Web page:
US Bank National Association et al v. Gunn, No. 1:2011cv01155 - Document 140 (D. Del. 2012)
Court Description: MEMORANDUM OPINION. Signed by Judge Richard G. Andrews on 12/10/2012. (ksr, )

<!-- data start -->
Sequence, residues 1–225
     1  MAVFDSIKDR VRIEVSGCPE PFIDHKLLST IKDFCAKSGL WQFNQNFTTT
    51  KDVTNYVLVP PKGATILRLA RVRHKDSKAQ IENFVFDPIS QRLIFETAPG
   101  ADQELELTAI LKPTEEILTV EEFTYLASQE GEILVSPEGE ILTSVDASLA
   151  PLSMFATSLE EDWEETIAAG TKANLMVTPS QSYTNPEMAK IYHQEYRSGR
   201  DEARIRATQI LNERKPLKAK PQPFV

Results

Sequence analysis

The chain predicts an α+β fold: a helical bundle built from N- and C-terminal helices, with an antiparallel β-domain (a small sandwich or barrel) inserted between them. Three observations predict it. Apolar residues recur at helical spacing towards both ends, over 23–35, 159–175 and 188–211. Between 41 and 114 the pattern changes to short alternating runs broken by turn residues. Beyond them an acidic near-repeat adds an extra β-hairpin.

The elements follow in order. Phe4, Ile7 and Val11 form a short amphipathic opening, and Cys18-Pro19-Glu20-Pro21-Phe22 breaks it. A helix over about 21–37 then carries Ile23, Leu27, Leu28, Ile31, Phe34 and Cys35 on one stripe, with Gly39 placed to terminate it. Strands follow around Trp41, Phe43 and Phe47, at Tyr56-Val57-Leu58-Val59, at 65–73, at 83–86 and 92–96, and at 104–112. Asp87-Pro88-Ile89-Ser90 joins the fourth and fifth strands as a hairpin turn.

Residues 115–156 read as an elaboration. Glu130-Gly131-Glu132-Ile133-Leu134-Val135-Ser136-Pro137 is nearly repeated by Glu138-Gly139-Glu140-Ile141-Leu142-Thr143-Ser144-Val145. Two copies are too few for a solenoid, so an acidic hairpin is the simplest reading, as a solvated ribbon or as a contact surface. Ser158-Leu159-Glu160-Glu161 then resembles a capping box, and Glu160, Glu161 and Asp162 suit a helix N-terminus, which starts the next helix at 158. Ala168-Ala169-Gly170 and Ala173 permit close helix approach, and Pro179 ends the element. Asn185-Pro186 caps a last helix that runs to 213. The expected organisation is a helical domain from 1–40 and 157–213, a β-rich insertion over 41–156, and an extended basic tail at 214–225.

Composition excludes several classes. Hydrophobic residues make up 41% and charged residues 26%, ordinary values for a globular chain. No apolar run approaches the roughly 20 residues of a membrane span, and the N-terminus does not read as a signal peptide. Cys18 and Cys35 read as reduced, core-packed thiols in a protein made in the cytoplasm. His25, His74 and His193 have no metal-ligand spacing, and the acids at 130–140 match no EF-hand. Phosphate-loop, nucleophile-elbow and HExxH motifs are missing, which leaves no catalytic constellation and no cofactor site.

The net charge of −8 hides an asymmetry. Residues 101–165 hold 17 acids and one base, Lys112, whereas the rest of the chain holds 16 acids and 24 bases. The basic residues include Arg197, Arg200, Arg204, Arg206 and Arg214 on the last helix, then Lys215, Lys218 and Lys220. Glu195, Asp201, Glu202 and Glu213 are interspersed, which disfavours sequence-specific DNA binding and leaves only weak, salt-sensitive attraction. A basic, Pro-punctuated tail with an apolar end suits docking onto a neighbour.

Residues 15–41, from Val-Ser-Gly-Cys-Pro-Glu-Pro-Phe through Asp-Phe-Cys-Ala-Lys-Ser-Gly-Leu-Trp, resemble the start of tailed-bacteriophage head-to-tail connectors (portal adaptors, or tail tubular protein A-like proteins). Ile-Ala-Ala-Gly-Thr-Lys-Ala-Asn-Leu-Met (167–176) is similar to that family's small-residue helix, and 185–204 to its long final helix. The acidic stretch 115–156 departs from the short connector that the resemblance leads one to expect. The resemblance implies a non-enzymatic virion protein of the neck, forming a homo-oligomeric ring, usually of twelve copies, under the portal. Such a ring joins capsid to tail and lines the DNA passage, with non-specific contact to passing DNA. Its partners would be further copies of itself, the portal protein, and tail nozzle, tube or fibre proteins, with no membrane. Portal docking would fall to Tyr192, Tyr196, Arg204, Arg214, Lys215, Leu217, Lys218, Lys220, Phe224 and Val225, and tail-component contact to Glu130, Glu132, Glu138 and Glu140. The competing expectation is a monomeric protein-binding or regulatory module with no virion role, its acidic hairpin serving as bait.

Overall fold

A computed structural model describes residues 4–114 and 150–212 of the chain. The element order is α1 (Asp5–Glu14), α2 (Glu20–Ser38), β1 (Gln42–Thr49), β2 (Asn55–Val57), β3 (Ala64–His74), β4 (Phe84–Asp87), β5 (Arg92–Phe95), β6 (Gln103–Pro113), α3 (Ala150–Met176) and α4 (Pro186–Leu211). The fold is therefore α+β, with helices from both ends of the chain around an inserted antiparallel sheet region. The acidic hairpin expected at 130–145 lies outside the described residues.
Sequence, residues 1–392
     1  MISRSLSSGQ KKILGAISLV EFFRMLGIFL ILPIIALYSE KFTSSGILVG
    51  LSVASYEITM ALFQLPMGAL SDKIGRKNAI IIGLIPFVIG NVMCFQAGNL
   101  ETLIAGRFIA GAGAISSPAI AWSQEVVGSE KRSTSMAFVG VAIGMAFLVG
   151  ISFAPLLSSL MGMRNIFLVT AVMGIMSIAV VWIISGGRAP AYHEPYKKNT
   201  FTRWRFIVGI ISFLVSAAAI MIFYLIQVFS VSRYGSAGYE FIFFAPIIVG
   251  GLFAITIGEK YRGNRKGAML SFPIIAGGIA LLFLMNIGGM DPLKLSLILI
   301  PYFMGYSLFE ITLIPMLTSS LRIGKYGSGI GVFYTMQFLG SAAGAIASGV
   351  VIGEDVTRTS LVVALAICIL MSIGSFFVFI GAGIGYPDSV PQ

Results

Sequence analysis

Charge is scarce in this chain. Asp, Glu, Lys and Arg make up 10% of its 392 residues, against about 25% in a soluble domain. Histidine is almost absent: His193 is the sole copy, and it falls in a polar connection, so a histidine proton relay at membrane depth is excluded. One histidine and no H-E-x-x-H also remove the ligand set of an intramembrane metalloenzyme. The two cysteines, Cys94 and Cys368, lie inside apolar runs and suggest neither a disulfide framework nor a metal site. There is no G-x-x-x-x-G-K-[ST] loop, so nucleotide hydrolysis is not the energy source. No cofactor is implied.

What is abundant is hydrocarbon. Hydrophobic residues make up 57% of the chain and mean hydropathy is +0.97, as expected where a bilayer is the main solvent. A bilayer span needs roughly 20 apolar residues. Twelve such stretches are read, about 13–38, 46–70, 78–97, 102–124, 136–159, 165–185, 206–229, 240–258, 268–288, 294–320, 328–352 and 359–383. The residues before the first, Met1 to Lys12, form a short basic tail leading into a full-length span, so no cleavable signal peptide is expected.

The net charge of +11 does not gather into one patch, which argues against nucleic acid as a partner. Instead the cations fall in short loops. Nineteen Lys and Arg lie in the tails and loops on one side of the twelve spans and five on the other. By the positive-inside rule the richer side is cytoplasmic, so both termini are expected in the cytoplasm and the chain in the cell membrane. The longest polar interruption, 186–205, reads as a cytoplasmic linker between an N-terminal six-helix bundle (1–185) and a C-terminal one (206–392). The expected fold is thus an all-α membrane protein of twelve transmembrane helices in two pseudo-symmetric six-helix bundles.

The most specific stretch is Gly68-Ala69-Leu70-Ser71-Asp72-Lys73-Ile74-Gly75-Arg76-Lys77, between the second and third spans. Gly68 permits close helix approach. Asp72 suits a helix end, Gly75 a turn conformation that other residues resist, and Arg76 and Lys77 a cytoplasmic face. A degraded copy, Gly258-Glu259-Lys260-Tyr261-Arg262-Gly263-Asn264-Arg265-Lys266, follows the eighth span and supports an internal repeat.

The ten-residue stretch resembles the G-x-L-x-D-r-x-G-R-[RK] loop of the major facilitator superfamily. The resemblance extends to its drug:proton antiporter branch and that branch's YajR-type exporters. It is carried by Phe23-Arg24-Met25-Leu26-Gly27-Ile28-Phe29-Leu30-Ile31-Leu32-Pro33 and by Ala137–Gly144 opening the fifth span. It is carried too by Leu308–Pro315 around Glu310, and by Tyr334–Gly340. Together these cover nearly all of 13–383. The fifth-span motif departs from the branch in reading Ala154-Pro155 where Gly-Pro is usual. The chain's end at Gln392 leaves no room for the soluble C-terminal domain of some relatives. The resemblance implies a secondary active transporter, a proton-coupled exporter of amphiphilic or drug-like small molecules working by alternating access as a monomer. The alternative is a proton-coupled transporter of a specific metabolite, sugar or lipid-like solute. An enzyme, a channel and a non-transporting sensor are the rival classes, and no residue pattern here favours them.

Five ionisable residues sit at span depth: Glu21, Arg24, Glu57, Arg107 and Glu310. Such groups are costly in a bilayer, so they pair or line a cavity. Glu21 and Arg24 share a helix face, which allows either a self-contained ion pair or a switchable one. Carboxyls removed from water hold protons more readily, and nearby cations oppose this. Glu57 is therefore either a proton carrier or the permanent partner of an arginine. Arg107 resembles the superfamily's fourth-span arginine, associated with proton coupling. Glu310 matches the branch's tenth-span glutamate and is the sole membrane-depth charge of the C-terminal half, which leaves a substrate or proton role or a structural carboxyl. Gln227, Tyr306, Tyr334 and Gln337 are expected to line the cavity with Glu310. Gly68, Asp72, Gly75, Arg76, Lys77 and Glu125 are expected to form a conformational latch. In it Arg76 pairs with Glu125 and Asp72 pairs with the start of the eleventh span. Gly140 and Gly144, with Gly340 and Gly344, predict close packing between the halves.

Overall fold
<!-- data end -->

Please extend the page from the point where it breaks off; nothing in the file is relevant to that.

IN THE UNITED STATES DISTRICT COURT FOR THE DISTRICT OF DELAWARE U.S. BANK NATIONAL ASSOCIATION as Trustee for the Holders of the EQCC Home Equity Loan Asset Backed Certificates, Series 1998-3 and SELECT PORTFOLIO SERVICING, INC., Plaintiffs, v. Civ. No. 11-1155-RGA LA MAR GUNN, Defendant. Francis G. X. Pileggi, Esq., Dorothy Davis, Esq., and Jill Kornhauser Agro, Esq., Eckert Seamans Cherin & Mellott, LLC, Wilmington, Delaware; Counsel for Plaintiffs. La Mar Gunn, Camden Wyoming, Delaware; prose Defendant. MEMORANDUM OPINION DecemberiO, 2012 Wilmington, Delaware ~i:~. I istrict Judge: Pending before the Court is Defendant's Verified Motion to Dismiss (D. I. 65) and Plaintiffs' Letter/Motion to Compel (D.I. 70). For the reasons given below, the Court will deny Defendant's Motion and will grant Plaintiffs' Motion. Defendant La Mar Gunn moves for dismissal pursuant to Fed. R. Civ. P. 12(b) on the following grounds: (1) lack of diversity jurisdiction; (2) Plaintiffs' lack of standing to assert the rights of certificateholders; (3) judicial estoppel; (4) securities fraud; and (5) failure to state a claim upon which relief may be granted. (See D.l. 66. Some of these differ from what Defendant states in his motion- D.l. 65- and, to the extent they differ, the Court will consider the Defendant's fuller arguments in his Memorandum). Plaintiffs oppose the motion and argue that it lacks any basis to support the relief requested. Initially, the Court notes that, with the exception of the lack of jurisdiction issue, Defendant's arguments either repackage earlier arguments that were denied, or are unintelligible to the Court. The Court will not revisit the issues. (See D. I. 15, 23, 48, 62.). Accordingly, the only issue the Court addresses is the challenge to subject matter jurisdiction - an issue which may be raised at any time. See Grupo Dataflux v. Atlas Global Group, L.P., 541 U.S. 567, 576 (2004) The Complaint was filed on November 21, 2011 and asserts jurisdiction by reason of diversity of the parties, pursuant to 28 U.S.C. § 1332. (D.I. 1.) At that time, Plaintiff U.S. Bank National Association, as Trustee for the holders of the EQCC Home Equity Loan Asset Backed Certificates, Series 1998-3 ("U.S. Bank") was the record owner of residential property located at 201 Cornwell Drive, Bear, Delaware 19701 (the 2 "Property"). Plaintiff Select Portfolio Servicing, Inc. ("SPS") is the servicing agent and attorney-in-fact for U.S. Bank. The Complaint raises claims under Delaware law for trespass to real estate, conversion, unjust enrichment, tortious interference with prospective business opportunities, slander of title, and abuse of process. Defendant contends that the Court should dismiss the Complaint due to a lack of subject matter jurisdiction because the Complaint fails to establish that the parties are diverse. Defendant argues that the Complaint contains no allegations identifying the citizenship of the unnamed certificateholders and, therefore, Plaintiffs have failed to properly allege diversity jurisdiction. Defendant further contends that U.S. Bank's naming of non-existent John Doe certificate holders of an unknown number, intentionally misrepresents that the "unnamed certificate plaintiff certificateholders" are persons. Plaintiffs argue in part that, because the motion includes extrinsic evidence, it must be treated as a motion for summary judgment and, further, it raises arguments without any legal support. In addition, they contend that subject matter jurisdiction is appropriate as a matter of law. Federal Rule of Civil Procedure 12(b)(1) authorizes dismissal of a complaint for lack of jurisdiction over the subject matter. Motions brought under Rule 12(b)(1) may present either a facial or factual challenge to the Court's subject matter jurisdiction. In reviewing a facial challenge under Rule 12(b )(1 ), the standards relevant to Rule 12(b)(6) apply. In this regard, the Court must accept all factual allegations in the Complaint as true, and the Court may only consider the Complaint and documents referenced in or attached to the complaint. See Gould Electronics Inc. v. United States, 220 F.3d 169, 176 (3d Cir. 2000). A complaint survives a facial attack on subject 3 matter jurisdiction if Plaintiffs' allegations, which are taken as true, sufficiently provide a basis for subject matter jurisdiction. In reviewing a factual challenge to the Court's subject matter jurisdiction, the Court is not confined to the allegations of the Complaint, and the presumption of truthfulness does not attach to the allegations in the Complaint. See Mortensen v. First Fed. Sav. & Loan Ass'n, 549 F.2d 884, 891 (3d Cir. 1977). Instead, the Court may consider evidence outside the pleadings, including affidavits, depositions and testimony, to resolve any factual issues bearing on jurisdiction. See Gotha v. United States, 115 F.3d 176, 179 (3d Cir. 1997). Once the Court's subject matter jurisdiction over a complaint is challenged, the plaintiff bears the burden of proving that jurisdiction exists. See McNutt v. General Motors Acceptance Corp., 298 U.S. 178, 189 (1936). A party generally meets this burden by proving diversity of citizenship by a preponderance of the evidence. /d. at 189. Federal district courts have subject matter jurisdiction over civil actions where the amount in controversy exceeds $75,000.00 and the suit is between citizens of different states. See 28 U.S.C. § 1332(a). In analyzing diversity, a natural person is deemed to be a citizen of the state where he is domiciled, see Zambelli Fireworks Mfg. Co., Inc. v. Wood, 592 F.3d 412, 419 (3d Cir. 2010), a corporation is a citizen both of the state where it is incorporated and the state where it has its principal place of business, see id., and a national banking association is considered a citizen of "the State designated in its articles of association as its main office," Wachovia Bank v. Schmidt, 546 U.S. 303, 318 (2006). In addition, the citizenship of a trustee who 4 possesses "customary powers to hold, manage, and dispose of assets for the benefit of others" is determined by the citizenship of the trustee, and not of the trust beneficiaries. Navarro Sav. Ass'n v. Lee, 446 U.S. 458, 464-66 (1980). See e.g., Emerald Investors Trust v. Gaunt Parsippany Partners, 492 F.3d 192, 203 (3d Cir. 2007). In determining the citizenship of a trust, the court looks to the citizenship of both the trustee and the beneficiary. See id. "Navarro is not implicated because it dealt with a situation in which the trustees brought the action in their own names, a situation different from that here in which the trust is the plaintiff."). This suit is brought by the Trustee. Thus, Navarro controls on the question of U.S. Bank's citizenship. Paragraphs 1 through 3 of the Complaint allege diversity exists because U.S. Bank's main office is in Minneapolis, Minnesota, SPS is a Utah corporation with its principal place of business in Salt Lake City, Utah, Defendant is a resident of Dover, Delaware, and the amount in controversy exceeds $75,000.00. Based upon the allegations in the Complaint, it survives a facial attack on subject matter jurisdiction. It appears that Defendant attempts to make a factual attack on subject matter jurisdiction as he refers to, and relies upon, evidence that was not was provided to the court, with the exception of a "Securitization Report" attached as Exhibit A. (D. I. 66). The Report appears to be Defendant's analysis of the case, 1 and provides no support for his position. Defendant's bald assertions do not provide evidence to contradict the 1 It is signed by Defendant as "Bloomberg Researcher/Financial Fraud Investigator" (D.I. 66, at 42) and appears to be prepared by "Gunn Wealth Management" for the Defendant. 5 claims of citizenship as alleged in the Complaint. Notably, Defendant's factual attack on diversity of citizenship is devoid of evidentiary support and fails as a matter of laws. See e.g., lbanex v. U.S. Bank Nat'/ Ass'n, 2011 WL 5928583, at *2 (D. Mass. Nov. 29, 2011) (citizenship of U.S. Bank as Trustee is defined by the citizenship of the Trustee, not the citizenship of the Trustee's certificateholders). Therefore, the Motion to Dismiss will be denied. Plaintiffs served discovery requests upon Defendant on February 22, 2012. (D. I. 22.) When Defendant did not timely respond to the discovery, Plaintiffs filed a Letter/Motion to Compel (D.I. 49), granted by the Court on April18, 2012 (D. I. 55), that required Defendant to respond to Plaintiffs' First Set of Interrogatories and Requests for Production of Documents no later than April 25, 2012. Plaintiffs advise the Court that the responses are evasive and incomplete and they seek assistance from the Court in obtaining discovery from Defendant. (D.I. 70.) Defendant's discovery responses were filed on May 1, 2012. (See D. I. 58.) He filed objections to the interrogatories and the request for production of documents. However, because Defendant did not timely respond to the interrogatories, all objections are waived and he is required to answer the interrogatories. See Fed. R. Civ. P. 33(b)(4). With regard to the request for production of documents, the objections based upon attorney client and/or work product privileges are not well-taken. While Defendant responded to the Request for Production of Documents, in most of his responses he instructed Plaintiffs to "see documents produced on the enclosed CDROM." (D. I. 58.) The broad responses do not adequately respond to each request as they do not indicate what documents are responsive to each request. Therefore, 6 Defendant will be ordered to provide complete answers to interrogatories and to supplement his response to the request for production by specifying which documents contained on the CD-ROM, if any, are responsive to each Request for Production of Documents. For the above reasons, the Court will deny Defendant's Motion (D.I. 65) and will grant Plaintiffs' Motion (D.I. 70). An appropriate order will be entered. 7